Pelicans, Pets and Portraits – Local Artist Paints Them All
So Nice to meet you Renee. So to get started, tell us what part of the First Coast do you reside in now, and how long have you lived there.
I’ve been in the Jacksonville area for twenty years, with the past seven years full-time in Jacksonville Beach, loving the beach life.
How long have you been doing your craft or trade?
For as long as I can remember, in some shape or form. I was in high school when I got my first commission – a portrait of a classmate who wanted to give it to his father for Christmas.
What brings out your creativity?
My environment, nature, people, and seeing other artists’ work. There’s nothing like a walk through a few galleries to make me want to put up a canvas and start painting.
What does your work aim to say? Are you trying to bring a smile to someone’s face or add to someone’s home decor?
Both, I suppose. I like to paint things that will make the viewer’s day just a little bit better. The pieces commissioned or purchased from me are usually things that mean something to the client, but sometimes they are just something enjoyable to see every day.
Are there any spaces or designers that have influenced you?
My paintings are typically rendered in the style of realism. Although I have never done fantasy work myself, one of my first major influences was a pair of artists that I discovered in “The Art of the Brothers Hildebrandt,” a book compiling the works of brothers who created realistic fantasy paintings for Tolkien and Star Wars. I love Andrew Wyeth, Chuck Close, and my real-time friend and mentor, Jacksonville artist Steve Mills. I can lose myself in the Robert Lange Studios gallery in Charleston.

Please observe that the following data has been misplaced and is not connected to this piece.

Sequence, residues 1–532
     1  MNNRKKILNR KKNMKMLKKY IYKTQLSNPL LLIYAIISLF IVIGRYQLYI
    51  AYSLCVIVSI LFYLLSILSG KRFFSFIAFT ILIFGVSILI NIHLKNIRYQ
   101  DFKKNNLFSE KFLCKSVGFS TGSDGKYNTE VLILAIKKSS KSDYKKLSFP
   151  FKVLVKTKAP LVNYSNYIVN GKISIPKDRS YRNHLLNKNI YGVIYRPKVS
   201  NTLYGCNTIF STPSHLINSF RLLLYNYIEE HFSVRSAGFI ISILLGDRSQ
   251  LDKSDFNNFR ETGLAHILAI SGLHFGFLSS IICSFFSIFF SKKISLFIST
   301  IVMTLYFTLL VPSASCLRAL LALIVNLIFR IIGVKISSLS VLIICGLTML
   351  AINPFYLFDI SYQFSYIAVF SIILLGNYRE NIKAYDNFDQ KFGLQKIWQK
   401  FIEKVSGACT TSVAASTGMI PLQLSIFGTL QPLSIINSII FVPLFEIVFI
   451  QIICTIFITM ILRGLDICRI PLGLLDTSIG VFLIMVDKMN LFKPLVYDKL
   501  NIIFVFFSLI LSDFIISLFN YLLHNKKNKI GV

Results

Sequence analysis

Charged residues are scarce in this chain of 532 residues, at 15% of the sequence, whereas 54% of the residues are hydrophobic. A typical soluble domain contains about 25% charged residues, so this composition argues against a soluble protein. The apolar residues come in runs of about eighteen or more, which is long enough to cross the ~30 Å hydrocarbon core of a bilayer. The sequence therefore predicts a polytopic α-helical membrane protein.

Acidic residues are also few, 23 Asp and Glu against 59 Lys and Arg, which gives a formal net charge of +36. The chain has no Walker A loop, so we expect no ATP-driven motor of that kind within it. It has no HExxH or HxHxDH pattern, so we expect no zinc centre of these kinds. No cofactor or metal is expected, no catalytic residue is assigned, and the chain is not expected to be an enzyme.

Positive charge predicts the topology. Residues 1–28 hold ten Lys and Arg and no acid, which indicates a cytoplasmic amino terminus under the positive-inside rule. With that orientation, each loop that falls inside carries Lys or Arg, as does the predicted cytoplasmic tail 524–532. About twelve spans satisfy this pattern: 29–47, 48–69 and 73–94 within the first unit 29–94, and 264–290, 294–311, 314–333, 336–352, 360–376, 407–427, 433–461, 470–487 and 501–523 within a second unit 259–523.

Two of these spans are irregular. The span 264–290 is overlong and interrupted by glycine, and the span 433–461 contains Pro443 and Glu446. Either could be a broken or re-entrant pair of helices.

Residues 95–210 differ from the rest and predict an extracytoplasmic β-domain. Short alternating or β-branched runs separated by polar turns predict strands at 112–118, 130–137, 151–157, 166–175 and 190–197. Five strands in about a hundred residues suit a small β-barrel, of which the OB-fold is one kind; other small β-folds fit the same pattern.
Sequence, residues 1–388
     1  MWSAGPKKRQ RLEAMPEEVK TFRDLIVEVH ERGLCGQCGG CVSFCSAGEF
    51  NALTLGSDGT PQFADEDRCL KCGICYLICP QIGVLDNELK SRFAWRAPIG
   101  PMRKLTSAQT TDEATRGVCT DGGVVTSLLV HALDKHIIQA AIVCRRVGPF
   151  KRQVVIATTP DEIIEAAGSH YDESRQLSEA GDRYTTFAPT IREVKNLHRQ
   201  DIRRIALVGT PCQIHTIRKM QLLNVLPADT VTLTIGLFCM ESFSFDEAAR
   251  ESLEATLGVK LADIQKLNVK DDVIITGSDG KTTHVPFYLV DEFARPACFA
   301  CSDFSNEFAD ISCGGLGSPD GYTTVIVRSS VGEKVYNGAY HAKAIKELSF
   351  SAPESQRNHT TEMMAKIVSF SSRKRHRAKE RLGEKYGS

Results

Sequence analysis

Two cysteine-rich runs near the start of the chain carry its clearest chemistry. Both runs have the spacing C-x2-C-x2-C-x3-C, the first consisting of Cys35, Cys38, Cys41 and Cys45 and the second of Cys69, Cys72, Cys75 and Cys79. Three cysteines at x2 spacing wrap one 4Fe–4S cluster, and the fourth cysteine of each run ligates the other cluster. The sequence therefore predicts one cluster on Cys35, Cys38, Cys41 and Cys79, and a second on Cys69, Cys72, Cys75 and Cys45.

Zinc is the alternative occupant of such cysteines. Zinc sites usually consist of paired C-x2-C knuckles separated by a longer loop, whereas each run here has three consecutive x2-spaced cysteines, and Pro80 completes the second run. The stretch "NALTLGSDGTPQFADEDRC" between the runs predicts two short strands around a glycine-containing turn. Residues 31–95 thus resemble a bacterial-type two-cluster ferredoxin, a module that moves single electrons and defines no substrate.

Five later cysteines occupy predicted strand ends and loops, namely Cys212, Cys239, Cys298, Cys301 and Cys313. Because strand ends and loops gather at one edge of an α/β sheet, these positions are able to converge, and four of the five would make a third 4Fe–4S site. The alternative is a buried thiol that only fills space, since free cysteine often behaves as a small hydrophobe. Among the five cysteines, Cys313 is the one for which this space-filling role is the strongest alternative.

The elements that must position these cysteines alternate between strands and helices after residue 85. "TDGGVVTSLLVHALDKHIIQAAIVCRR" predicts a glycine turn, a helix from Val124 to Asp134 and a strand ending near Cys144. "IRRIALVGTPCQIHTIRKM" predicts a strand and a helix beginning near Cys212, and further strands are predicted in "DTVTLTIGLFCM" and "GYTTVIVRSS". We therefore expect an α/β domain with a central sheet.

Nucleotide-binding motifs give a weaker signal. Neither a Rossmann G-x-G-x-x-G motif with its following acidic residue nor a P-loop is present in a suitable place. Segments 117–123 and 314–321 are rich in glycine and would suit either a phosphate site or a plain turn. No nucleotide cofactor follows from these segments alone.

What is your favorite artistic accomplishment?
That’s a tough one. What painting did I just finish? That’s usually what I feel is my biggest accomplishment until I paint another one.
Do you have a specific piece you would love to talk about or promote?
I am in love with my most recent piece, a portrait of two young sisters sleeping in a loving embrace. The photo reference was a candid photo taken by their father and posted on social media. Comments followed, “this would make a great painting.” Yes, it would and did.
What is the best way for artists to network?
I’ll be honest; I’m not much of a networker. I go to galleries, and if I find an artist particularly interesting and they are present, I will ask questions. I follow other artists on social media and sometimes reach out to chat. Once, while visiting London, I contacted a mosaic artist that I admired and asked to visit his studio, and he graciously accommodated me. I met a good friend and mentor by emailing and asking to talk about his process.
If you had a question you would like to ask another artist, what would it be?
For every realist artist before the age of photography — how did you do that?
What’s the best thing for you about living on the First Coast?
There are so many great things about the First Coast, but I have to put proximity to the ocean at the top of the list. We have the best beaches in the world.
How can we see your work?
Websites: ReneeRezArt.com, ReneesCustomArt.com
On social media facebook.com/reneerezart instagram.com/reneerezart
Is there anything else that you want to tell everyone?
Art saved me in high school, nurtured me in college and gave me occasional respite during the hectic years of medical school, residency, and early motherhood.
Once my medical training was behind me, I went deeper, strengthening my relationship with the brush and canvas, spending more and more hours in the studio, and gradually developing into the artist you see today.
But look again, not long from now, and you will see a different artist because both you and I will continue to grow.